LISBON - The EU is intent on making Belarusian President Alexander Lukashenko pay a high price for the forced landing of a European airliner to arrest regime opponents, the bloc's foreign policy chief Josep Borrell told AFP.
"The heads of state and government asked us on Monday (at a summit) to propose sectoral economic sanctions, something that we are not used to doing in the EU, and there are some that immediately come to mind," Borrell said in an interview in Lisbon on Wednesday.
"Belarus is a big exporter of potash: USD 2.5 billion [per year]. Everything goes through the Baltic countries. It's easy to control it, if you really want to," he said.
"One can also imagine that the gas which arrives in Europe via Belarus could come to Europe via another pipeline, and Belarus would lose the transit fees, which is not negligible," he added.
Lukashenko sparked international outrage by dispatching a fighter jet Sunday to intercept a Ryanair flight from Athens to Vilnius carrying dissident reporter Roman Protasevich, 26, and his girlfriend Sofia Sapega.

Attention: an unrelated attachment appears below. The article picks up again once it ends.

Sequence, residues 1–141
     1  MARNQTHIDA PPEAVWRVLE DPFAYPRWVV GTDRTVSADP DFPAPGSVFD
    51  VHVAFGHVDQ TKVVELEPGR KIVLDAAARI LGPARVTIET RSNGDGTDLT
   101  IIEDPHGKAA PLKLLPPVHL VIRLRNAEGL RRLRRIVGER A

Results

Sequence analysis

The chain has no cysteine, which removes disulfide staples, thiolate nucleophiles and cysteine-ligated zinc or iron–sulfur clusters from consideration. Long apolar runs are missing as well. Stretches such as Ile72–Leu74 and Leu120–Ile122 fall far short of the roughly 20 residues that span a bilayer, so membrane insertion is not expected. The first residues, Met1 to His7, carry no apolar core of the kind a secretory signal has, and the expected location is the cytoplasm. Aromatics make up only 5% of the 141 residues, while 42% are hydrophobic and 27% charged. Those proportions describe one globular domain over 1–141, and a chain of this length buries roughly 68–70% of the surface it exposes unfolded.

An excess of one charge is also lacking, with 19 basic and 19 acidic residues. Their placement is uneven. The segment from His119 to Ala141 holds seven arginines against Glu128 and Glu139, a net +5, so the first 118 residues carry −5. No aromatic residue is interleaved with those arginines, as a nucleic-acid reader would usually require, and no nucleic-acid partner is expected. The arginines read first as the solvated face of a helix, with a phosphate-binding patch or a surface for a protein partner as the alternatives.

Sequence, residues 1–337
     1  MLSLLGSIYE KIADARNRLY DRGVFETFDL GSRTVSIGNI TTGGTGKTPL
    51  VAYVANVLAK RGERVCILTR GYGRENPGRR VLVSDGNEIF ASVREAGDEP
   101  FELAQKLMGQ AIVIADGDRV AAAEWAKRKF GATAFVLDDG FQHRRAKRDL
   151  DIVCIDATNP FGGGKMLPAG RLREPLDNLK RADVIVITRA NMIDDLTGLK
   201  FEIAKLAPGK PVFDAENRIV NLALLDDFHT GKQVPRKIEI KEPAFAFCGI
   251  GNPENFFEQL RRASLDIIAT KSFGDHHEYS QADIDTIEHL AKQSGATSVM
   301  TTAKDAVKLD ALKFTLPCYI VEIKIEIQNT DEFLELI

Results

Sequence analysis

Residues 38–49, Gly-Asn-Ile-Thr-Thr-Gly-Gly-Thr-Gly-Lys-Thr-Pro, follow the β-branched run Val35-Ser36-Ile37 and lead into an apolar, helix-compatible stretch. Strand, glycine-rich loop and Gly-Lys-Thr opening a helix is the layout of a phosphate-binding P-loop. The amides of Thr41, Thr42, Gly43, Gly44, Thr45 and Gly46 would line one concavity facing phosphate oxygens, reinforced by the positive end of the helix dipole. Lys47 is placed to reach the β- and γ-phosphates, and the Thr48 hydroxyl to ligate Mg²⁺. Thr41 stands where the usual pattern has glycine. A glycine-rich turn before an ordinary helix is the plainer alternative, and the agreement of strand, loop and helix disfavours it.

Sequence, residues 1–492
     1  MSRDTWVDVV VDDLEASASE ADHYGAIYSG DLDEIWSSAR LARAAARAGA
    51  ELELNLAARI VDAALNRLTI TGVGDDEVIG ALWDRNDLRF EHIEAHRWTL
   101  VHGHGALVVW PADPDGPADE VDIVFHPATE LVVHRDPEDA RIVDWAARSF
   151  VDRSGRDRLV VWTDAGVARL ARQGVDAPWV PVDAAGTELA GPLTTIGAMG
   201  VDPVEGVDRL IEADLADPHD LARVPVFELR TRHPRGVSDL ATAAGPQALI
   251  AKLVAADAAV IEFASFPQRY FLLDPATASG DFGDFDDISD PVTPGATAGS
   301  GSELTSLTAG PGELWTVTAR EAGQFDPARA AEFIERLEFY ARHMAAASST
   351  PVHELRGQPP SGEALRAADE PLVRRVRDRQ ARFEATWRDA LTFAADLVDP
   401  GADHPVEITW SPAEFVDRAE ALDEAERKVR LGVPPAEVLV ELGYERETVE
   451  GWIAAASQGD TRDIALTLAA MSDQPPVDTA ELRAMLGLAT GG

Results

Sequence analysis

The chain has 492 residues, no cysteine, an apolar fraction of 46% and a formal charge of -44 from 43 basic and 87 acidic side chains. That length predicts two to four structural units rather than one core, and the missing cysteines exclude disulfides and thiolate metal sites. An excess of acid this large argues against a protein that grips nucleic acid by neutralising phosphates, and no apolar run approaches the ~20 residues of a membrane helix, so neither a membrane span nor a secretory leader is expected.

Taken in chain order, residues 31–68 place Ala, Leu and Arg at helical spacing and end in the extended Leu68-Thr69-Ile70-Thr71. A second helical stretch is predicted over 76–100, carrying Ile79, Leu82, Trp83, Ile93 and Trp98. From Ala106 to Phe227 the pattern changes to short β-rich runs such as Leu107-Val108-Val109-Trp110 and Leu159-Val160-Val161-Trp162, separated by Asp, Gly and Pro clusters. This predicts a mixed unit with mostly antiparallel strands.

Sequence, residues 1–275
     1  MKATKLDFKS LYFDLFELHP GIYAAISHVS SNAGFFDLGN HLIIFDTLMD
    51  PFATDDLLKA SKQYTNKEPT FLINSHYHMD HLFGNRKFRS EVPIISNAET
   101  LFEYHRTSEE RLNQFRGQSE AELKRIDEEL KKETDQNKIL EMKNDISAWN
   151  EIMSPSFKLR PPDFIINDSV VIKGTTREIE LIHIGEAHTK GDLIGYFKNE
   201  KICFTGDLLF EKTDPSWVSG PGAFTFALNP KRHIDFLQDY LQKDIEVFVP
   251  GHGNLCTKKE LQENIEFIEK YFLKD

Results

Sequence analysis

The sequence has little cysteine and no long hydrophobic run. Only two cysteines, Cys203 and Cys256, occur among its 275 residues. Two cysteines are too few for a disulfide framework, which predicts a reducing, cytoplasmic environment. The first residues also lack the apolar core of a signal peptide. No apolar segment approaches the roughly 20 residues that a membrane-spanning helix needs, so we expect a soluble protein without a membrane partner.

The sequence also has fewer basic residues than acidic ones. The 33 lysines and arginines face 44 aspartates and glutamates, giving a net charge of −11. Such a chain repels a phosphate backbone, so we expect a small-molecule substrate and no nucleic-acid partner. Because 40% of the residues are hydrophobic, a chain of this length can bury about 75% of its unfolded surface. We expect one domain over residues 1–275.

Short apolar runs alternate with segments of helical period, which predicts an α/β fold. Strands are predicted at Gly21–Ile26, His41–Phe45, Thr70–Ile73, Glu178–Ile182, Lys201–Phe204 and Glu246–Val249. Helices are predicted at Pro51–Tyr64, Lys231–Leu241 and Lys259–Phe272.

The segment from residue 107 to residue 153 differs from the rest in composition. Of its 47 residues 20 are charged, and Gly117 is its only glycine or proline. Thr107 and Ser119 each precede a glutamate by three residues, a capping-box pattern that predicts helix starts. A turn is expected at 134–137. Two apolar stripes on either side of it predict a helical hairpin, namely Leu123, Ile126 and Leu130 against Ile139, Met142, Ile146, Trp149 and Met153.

EU leaders hit back at Minsk, agreeing to ban Belarusian airlines from the bloc and urging EU-based carriers not to fly over its airspace.
The leaders also tasked Borrell with coming up with further "targeted economic sanctions" against the Belarusian authorities to add to the 88 regime figures and seven companies already on a blacklist over a crackdown on the opposition.
"Hijacking a plane to stop a passenger, that required a strong reaction. We made decisions on the spot Monday for air transport and they will hurt. But the European leaders have asked for more. If we did not now employ the language of power, that would have been proof that we did not want to do it," Borrell said.
"Europeans are still hesitant about economic sanctions, but this time, we really have to take measures that Lukashenko will feel," he stressed.
"I don't think it will take a long time to decide. If we want to do it, we can do it quickly," he insisted.
EU foreign ministers meeting in Portugal on Thursday were set to begin discussions on the Belarus sanctions -- but no decision was expected immediately, Borrell said.